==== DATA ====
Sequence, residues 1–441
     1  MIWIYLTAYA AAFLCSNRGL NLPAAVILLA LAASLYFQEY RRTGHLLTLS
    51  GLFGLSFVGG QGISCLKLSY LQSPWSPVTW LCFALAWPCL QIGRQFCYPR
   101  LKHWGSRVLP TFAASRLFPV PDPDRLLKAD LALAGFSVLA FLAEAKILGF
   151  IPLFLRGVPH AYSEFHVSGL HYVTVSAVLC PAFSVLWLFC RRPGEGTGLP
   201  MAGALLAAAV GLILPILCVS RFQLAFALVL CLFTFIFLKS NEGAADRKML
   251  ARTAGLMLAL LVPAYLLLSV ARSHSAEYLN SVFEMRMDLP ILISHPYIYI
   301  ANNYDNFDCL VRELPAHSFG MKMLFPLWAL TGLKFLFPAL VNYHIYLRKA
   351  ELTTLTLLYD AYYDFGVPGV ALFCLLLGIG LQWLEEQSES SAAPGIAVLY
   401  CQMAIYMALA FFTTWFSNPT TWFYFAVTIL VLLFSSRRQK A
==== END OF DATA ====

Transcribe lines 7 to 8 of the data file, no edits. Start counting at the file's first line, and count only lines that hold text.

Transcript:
   251  ARTAGLMLAL LVPAYLLLSV ARSHSAEYLN SVFEMRMDLP ILISHPYIYI
   301  ANNYDNFDCL VRELPAHSFG MKMLFPLWAL TGLKFLFPAL VNYHIYLRKA